Southsider Voice correspondent
Once people hear Lillian “Lill” Clark’s story, they immediately understand why her five sons teasingly insist that their mother has nine lives.
Clark’s story with the color pink dates back to 1996.
“My oldest son went with me to the doctor,” she said. “He was my lifeguard then. He always has been.”
At that appointment Clark was diagnosed with stage III breast cancer, the same disease that took her mother’s life.
She promptly gathered her family, including husband Dick Clark, and sons Jeffery, Ron and Doug Sego and Brian and Anthony Clark.
“I just told them all that I had breast cancer,” she said. “We are a very positive family and a Christian family. We handed it over to the Lord.”
Undergoing 21 weeks of chemotherapy, 10 rounds of radiation, the removal of some lymph nodes and a lumpectomy was challenging but manageable, she said.
Losing all of her hair secretly broke her heart. “Now that part was real hard on me.”
To show only an upbeat attitude to loved ones, Clark kept that struggle to herself.
Until her hair grew back, she jokingly showed off a colorful collection of hats and scarves for family members and friends. She also presented educational classes at church to share her wisdom about how best to get through cancer.
“My class was called ‘It’s Okay to Cry,’ ” Clark said. “People just don’t know what to say to you when you have cancer.”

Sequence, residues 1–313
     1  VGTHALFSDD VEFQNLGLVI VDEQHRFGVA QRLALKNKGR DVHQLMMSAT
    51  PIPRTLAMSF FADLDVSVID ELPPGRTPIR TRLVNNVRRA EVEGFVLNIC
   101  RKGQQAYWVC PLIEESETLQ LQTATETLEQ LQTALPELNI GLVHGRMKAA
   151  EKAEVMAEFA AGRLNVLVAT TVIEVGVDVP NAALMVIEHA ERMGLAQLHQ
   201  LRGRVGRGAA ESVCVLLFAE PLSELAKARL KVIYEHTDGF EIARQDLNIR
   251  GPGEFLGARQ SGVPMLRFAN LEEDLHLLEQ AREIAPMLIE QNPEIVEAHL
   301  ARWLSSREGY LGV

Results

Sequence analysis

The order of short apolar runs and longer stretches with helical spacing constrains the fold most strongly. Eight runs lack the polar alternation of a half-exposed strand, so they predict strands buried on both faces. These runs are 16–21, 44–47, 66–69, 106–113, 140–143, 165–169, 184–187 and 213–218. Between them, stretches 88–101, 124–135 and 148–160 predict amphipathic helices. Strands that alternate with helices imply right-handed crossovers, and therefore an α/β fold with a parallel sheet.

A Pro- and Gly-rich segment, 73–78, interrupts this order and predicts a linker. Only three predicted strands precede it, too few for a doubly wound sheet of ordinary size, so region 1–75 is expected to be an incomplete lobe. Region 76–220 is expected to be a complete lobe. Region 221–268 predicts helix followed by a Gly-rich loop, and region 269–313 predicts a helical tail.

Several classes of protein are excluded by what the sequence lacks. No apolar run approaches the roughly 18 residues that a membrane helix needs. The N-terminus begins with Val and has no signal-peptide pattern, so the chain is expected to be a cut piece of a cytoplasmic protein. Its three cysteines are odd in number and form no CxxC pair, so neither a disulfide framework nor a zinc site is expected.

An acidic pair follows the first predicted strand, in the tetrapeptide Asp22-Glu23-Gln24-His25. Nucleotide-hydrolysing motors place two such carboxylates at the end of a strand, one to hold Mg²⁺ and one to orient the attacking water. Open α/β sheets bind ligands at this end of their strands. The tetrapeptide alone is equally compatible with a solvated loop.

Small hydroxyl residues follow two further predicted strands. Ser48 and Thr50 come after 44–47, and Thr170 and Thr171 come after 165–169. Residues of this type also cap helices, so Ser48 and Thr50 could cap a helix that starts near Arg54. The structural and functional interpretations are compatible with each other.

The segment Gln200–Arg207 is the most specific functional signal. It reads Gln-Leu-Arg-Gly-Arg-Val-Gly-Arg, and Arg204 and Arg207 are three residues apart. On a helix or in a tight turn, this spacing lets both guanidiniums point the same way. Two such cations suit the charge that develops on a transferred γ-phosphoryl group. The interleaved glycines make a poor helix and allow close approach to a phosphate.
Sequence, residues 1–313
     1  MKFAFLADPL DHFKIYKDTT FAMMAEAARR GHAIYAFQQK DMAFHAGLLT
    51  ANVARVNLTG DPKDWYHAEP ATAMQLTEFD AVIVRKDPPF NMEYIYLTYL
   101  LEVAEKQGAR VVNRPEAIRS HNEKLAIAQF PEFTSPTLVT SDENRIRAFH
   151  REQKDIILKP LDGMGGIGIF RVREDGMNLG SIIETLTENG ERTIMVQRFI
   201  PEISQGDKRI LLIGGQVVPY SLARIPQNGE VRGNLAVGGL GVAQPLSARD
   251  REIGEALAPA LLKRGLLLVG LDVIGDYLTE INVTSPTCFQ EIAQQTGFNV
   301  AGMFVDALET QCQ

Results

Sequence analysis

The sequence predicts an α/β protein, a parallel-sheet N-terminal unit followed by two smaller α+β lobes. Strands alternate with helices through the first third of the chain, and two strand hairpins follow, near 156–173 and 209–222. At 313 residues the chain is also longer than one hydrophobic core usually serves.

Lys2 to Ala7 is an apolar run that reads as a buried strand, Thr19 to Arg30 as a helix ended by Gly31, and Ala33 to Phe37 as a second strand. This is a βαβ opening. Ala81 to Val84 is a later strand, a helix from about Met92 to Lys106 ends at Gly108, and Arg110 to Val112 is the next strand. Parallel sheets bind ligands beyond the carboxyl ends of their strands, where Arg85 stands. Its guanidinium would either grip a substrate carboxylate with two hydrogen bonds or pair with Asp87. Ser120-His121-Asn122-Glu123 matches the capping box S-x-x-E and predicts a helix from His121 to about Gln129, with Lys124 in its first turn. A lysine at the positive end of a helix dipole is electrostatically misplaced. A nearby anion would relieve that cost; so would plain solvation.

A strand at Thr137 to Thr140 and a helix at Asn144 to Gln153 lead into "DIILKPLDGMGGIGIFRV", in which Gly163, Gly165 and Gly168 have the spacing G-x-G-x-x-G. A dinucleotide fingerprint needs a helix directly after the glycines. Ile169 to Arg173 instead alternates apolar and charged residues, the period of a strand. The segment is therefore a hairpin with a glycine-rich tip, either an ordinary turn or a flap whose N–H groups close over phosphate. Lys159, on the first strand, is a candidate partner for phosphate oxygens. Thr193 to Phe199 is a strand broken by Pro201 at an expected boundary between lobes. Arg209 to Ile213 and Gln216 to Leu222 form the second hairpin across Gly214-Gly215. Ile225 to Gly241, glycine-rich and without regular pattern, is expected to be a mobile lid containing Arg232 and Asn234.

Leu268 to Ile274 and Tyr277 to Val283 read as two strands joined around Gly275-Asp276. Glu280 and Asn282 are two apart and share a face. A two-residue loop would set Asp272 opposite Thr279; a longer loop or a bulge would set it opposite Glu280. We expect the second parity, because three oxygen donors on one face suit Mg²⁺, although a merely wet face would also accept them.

When she left her five-year checkup with great news – no cancer- Clark happily celebrated with those she loves best.
Grateful that her life would not be interrupted again by cancer, this grandmother of 16 and great-grandmother of four returned to her volunteer job at the gift shop at Johnson Memorial Hospital.
One year later, breast cancer again tested this rather sassy lady with so much energy.
“That is when I had a double mastectomy,” Clark said.
Daughter-in-law Darlene Sego of Franklin stayed with Clark to help manage drainage tubes and bandage changes.
During recovery, Clark’s smiling attitude never wavered.
“I want my kids to know that you always have to think positive. Attitude has a lot to do with how you get through cancer.”
In 2007 Clark faced uterine cancer, surgery and an extensive recovery.
In 2012 her oldest sister, Charlene Plunkett of Speedway, was diagnosed with breast cancer.
Last March Clark went through open heart surgery.
Her pace might be just a little bit slower these days, but Clark is still laughing and paying attention to how a positive attitude lights even the darkest moments.
“It was hard for me to learn to ask people for help,” she said of lessons learned during treatment and recovery. “I like to do everything myself. But you know, people really want to help. And prayers are always good. The Lord will always hear you. And well, I’m still kickin’!”